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Wheels Up at Exeter UK March 2020

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Wheels Up at Exeter UK March 2020

Old 12th Sep 2020, 16:16
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Wheels Up at Exeter UK March 2020

Interesting AAIB report on an incident at Exeter.

Not a comment, just a question. Would most pilots initiate a go-round after hearing both propeller tips hit the ground?

I certainly wouldn't, but what do I know......

Edit 13 Sept:

I'm puzzled that this question was demoted from R&N. I have a twin rating, though not commercial, and for me the notion that you hear your props hit the ground with the engines running at idle power at least, and then apply enough power to go round defies common sense. I know it's a 2-second decision, but a prop strike means shock damage of unknown severity, and that means a strong possibility of consequent engine and/or prop failure on both sides within a very short time, especially at take-off power. That did not happen, but if a good outcome is down to luck rather than judgement it does not vindicate the decision.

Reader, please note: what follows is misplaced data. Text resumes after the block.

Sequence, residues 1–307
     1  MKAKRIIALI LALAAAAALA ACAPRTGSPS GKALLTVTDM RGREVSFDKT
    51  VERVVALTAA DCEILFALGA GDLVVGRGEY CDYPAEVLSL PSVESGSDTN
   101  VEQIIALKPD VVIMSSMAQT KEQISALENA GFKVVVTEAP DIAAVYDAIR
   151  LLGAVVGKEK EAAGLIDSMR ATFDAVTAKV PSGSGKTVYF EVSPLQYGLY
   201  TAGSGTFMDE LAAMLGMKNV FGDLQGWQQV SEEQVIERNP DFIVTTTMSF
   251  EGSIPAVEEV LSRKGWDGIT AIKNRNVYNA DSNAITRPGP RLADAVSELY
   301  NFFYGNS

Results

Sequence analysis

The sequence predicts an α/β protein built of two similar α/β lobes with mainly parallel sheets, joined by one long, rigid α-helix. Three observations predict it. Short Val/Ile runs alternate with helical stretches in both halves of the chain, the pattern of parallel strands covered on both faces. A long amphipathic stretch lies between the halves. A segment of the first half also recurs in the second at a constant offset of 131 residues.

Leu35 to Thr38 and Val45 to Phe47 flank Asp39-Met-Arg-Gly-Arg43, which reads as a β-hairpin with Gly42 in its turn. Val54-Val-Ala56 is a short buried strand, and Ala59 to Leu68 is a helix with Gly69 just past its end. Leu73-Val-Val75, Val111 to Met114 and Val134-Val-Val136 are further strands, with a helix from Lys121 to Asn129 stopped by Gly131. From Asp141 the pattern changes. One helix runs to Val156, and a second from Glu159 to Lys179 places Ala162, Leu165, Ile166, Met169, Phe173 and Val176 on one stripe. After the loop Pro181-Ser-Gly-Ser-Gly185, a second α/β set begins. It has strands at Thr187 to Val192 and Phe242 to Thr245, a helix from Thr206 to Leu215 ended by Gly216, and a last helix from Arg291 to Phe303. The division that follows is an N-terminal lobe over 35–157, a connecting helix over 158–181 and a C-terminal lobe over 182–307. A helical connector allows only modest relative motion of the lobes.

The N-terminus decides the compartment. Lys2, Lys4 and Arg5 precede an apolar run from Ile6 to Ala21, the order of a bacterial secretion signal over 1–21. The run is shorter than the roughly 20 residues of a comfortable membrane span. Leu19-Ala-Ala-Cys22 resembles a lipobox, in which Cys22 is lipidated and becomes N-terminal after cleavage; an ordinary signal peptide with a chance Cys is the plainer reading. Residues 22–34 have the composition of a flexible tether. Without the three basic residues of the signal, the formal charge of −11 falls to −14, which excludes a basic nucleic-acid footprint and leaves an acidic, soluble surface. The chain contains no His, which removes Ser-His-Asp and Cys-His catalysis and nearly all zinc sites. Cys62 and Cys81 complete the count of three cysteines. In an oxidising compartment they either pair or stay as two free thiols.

As Megan has posted, there are similarities with the Pakistani A320 pilot's decision to go round after damaging both engines on the runway. My question was intended to start a debate between pilots who know a lot more than me about the ins and outs of going around vs chopping the power and completing a wheels up landing if and when that happens without a prior warning to the handling pilot. Assuming that the approach to almost touchdown was normal there will be enough runway left to do that.

One aspect is whether or not the decision is affected by fear of the cost of doing that. If so, is that a legitimate factor? Not in my book. A double-engine and/or prop failure during the go-round could be catastrophic, and the risk of that is high if both propellers have struck the ground.

Last edited by old,not bold; 13th Sep 2020 at 08:04. Reason: Puzzled
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Old 13th Sep 2020, 01:56
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Also happened on the other side of the world, and of course the recent fatal A320 crash, double engine failure after overshooting from a gear up landing.


There was an anecdote, true or not, about a Sea Venom doing night practice aircraft carrier deck landings on the base runway. On the first landing the tower saw a shower of sparks on touchdown and asked the aircraft if he had his hook down, the reply being "no". Same thing happened on the next landing, again an enquirey made of the aircraft by the tower, and again a negative response. Turned out the crew were lowering the gear after overshooting and raising it on the downwind checks, so the story goes. Minimal scrapes to fuselage. Could it be true?
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